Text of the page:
We have had previous mention of white-collar criminality in this section, but now we’re going to look at it in a little more detail. In early criminology many criminologists thought that the majority of crime took place in the lower classes and that poverty was a good explanation for why individuals turn to crime. The reason why people did not focus on criminal behaviour in the upper classes as much, was that these people have greater power, and can therefore avoid punishment for their crimes much more easily. They can afford better lawyers and so are often not caught and are also rarely labelled with criminality. Furthermore, because those in the upper classes decide what the crimes are, as they are more likely to be politicians or have good contacts, the ‘crimes’ (against humanity) that they commit are often not actually illegal, just immoral.
As a series of major financial scandals emerged in the 1980s, more and more criminologists started to believe that poverty was not the answer, and that there must be other reasons for individuals to act criminally. The area of white collar crime focusses more on those in the upper classes that take part in crime and considers why. Edwin Sutherland argued that general theories of crime could not be used to explain white collar crime, being based only on the biased sample of lower class criminal acts. He argued that the reason for our lack of knowledge of this crime was due to the unfairness of the criminal justice system.
Sutherland defined the term white collar crime as ‘a crime committed by a person of respectability and high social status in the course of his occupation’. This definition not only specified that the term should be restricted to the upper classes, but also that it should be just those crimes that happen within the workplace, ruling out crimes of passion such as murder. Later the term was broadened to include two groups, occupational and organisational crime. The former is committed by individuals within the workplace, either acting for the company or against them. It could be that they do not complete all the proper safety checks that they are supposed to, or that they steal office supplies. On the other hand, organisational crime is where the entire corporation is corrupt, for example if the business involves conning customers.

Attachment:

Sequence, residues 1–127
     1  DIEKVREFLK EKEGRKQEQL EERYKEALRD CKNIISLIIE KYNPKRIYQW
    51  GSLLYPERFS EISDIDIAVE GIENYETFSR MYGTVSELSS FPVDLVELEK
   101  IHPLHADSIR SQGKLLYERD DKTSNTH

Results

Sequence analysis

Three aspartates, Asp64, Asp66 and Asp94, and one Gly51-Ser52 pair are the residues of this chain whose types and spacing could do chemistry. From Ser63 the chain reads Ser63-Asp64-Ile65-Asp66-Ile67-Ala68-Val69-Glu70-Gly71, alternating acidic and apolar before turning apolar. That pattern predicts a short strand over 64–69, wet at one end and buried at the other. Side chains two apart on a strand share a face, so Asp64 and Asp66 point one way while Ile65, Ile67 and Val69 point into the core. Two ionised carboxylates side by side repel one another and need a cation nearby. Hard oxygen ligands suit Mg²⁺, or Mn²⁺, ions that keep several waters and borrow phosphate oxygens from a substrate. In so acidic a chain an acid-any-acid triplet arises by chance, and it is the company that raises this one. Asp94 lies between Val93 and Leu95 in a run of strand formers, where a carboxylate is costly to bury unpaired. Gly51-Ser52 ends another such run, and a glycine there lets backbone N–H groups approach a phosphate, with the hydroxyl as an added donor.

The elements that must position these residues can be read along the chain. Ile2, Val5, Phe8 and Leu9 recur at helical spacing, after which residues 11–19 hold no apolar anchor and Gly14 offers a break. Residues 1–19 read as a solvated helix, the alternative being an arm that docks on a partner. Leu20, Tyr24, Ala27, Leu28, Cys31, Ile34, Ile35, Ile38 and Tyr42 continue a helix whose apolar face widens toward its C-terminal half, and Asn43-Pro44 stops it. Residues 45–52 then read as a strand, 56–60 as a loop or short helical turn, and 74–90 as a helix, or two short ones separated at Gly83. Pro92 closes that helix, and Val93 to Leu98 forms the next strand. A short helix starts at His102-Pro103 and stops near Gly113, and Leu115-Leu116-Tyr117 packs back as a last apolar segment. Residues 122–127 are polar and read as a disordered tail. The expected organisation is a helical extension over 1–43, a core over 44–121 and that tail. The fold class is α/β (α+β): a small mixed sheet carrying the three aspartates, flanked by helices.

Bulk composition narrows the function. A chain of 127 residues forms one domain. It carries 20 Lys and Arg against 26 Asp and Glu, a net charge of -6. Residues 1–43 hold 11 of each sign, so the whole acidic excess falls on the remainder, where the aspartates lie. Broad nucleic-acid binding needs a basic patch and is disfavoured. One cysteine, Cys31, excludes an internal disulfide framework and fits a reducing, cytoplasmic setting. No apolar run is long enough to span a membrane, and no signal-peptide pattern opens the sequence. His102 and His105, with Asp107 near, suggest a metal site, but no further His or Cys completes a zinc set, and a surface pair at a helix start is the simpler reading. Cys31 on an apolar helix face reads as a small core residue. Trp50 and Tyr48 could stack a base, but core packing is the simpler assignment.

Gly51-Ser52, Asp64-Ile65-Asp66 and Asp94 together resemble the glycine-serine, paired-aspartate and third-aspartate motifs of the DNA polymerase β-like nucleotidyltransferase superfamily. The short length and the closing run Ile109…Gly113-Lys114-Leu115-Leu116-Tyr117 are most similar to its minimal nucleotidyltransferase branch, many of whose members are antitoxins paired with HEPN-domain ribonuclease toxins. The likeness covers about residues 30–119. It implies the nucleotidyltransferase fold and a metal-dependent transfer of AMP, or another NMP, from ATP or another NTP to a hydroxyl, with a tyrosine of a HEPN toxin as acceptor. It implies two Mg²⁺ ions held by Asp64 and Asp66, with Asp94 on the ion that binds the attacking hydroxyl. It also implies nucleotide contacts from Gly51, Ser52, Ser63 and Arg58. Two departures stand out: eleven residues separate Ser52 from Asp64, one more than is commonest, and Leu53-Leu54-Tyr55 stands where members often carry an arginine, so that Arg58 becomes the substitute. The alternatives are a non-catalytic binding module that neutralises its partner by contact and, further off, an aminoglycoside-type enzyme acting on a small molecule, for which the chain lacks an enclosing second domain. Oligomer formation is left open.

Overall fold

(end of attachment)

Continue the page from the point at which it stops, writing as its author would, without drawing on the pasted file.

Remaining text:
In white collar crime, often the offences are very hard to prosecute for. This is for a number of reasons. To begin, they tend to be invisible to the outside world. When a company moves its money illegally to avoid paying taxes, there is no way for anyone to know. The only way that the government can find out about cases such as this is by doing regular checks of companies to make sure that they are keeping to the law. The problem is, it is very difficult to know which companies to focus on. Furthermore, it is often not identified since it affects each victim very little, but it still has an extremely high reward. Even if the company just steals £200 from each victim, if there are millions of victims across the country then the company can make billions of pounds illegally. It is also difficult to prosecute white collar criminals since the crimes are so technical and often juries will not understand the seriousness of what has been done. Identifying just one person who is to blame for the serious crimes is also hard, since in the case of organisational crime, there may be many people with varying degrees of responsibility, and not all of them can be punished.
Of course, the fact it is so unnoticeable and hard to punish is one of the reasons why so many people still commit white-collar crime. The best that we can do is to speculate on how we can stop it. In the next few articles, I’ll be considering various theories of white-collar crime and perhaps they hold the answer.
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